And while sitting at lunch, a guide from a small town at the top of Inle Lake, who had spent the day showing us ancient ruins and floating farms and villages on stilts, bonded with me over Taylor Swift. Also Rhianna. We are both really in favor of Rhianna.
None of that is to say Myanmar wasn’t remarkable. It was. Bagan is unlike anyplace I have ever seen – over three thousand pagodas and shrines scattered over a dusty plain, white and gold and dusty brown, glowing in the light of a setting desert sun — the relics of an empire that grew and died on this land over seven centuries ago. It’s a sight that will be hard to forget. And the fact that it is also a real place where real people live real lives with real dignity shouldn’t affect that. But there is a side of myself that has watched too many Merchant Ivory films for my own good
Thankfully, traveling with my beloved parents protected me from my worst self. Because, and I don’t know if you know this, my parents are fancy. The place we stayed in Inle had a bathtub that was shaped like a boat. A boat tub! But that is not the point. Boat tubs actually encourage a whole different worst self (excuse me, sir, there appear to only be five kinds of juice at breakfast, and those places of truly superior service serve at least six, I’ll have you know.) But there is a different kind of fancy that had a much more positive impact. Fancy people, I have learned, hire guides.
Now, my natural inclination with a guide is to run, quickly, the other way. Or to pretend they’re not there. Or, actually, to pretend that I’m not there. I truly believe that my blonde hair and American clothes and profuse sweating were totally unnoticeable until suddenly I had a guide. I was getting away with it! And good God, now ALL these people know I’m a tourist.
I will defend, nearly endlessly, the merits of getting lost in new cities and the sociability of hostels (even without boat tubs, which, frankly, who doesn’t have a boat tub these days?) and the wonder of discovering new places all by yourself. These are experiences you can’t have with a guide. These are experiences that seven kinds of juice at breakfast, frankly, preclude. But I am having to learn to re-assess my guide-phobia.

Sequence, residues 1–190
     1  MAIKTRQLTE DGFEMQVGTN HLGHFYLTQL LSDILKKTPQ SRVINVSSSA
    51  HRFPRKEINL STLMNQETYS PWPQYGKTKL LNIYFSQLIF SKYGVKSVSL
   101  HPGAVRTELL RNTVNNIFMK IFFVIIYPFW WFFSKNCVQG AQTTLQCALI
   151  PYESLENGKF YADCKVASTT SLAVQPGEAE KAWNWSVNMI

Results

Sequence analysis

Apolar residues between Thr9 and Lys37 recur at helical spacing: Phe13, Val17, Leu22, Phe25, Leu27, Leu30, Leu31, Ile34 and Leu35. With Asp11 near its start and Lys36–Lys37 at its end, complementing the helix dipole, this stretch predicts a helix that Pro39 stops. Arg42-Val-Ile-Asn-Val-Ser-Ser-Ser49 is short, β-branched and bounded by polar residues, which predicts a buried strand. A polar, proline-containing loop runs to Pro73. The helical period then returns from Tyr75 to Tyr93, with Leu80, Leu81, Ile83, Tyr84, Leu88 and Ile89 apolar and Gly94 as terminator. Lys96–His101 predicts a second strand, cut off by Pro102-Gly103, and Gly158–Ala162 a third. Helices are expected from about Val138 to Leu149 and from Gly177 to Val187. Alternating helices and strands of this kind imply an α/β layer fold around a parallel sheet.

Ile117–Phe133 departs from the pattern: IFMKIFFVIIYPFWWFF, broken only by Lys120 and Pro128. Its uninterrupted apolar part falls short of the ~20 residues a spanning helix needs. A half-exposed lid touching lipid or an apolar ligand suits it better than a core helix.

Because I will say this about guides: they don’t let you get away with any of that neocolonial, Indiana Jones, I’m-the-first-person-to-ever-discover-Burma nonsense. They’ll actually tell you what you’re seeing and explain how tomato insecticides are poisoning the lake and really drill down to see if you understand why this Buddha is here. And ,actually, I think, they feel even more uncomfortable than you do about the part where they take you to see the Paduang women bent over their weaving, posing for pictures with eleven rings of copper pushing down their shoulders.
On my own I would have probably joined friends in renting and ebike. After I emerged from the hospital visit this would immediately incur, I would have driven around Bagan, temple to temple, knowing nothing about what they were or where they came from. Perhaps the smartest and best and most thoughtful among us can do that without getting lost in a romantic daydream of exotic discovery, but I am not the smartest or best or most thoughtful. I would have written a romance novel, and a bad one at that. My parents’ irritating insistence that we actually learn things about places may well have saved me from a fruitful career at Harlequin.
It’s taken me a few days to try to think through all this and I’m still not done. And of course it’s not just Myanmar – it’s the accumulated moments of cultural discomfort and semi-imperialist unease from six countries beginning to set in. I’m not nearly as good at this as I thought; as I hoped.
How do we observe culture without dehumanizing others? What are the real ethics of tourism? How do we reconcile the superficiality of a short visit with the reality that we cannot stay in every culture for months at a time? How do we notice difference without exoticizing and romanticizing it? How can we understand wealth and poverty in context, without succumbing to a sense of noblesse oblige that is surely goodhearted but ultimately damaging? How on earth do we get through breakfast every day without nine kinds of juice?
I can only say I don’t know. I am wondering and worrying and trying to make it all fit together.
And really, all I know, all I surely know is this: I think I would be much more clear headed if someone would find me a boat bath, please.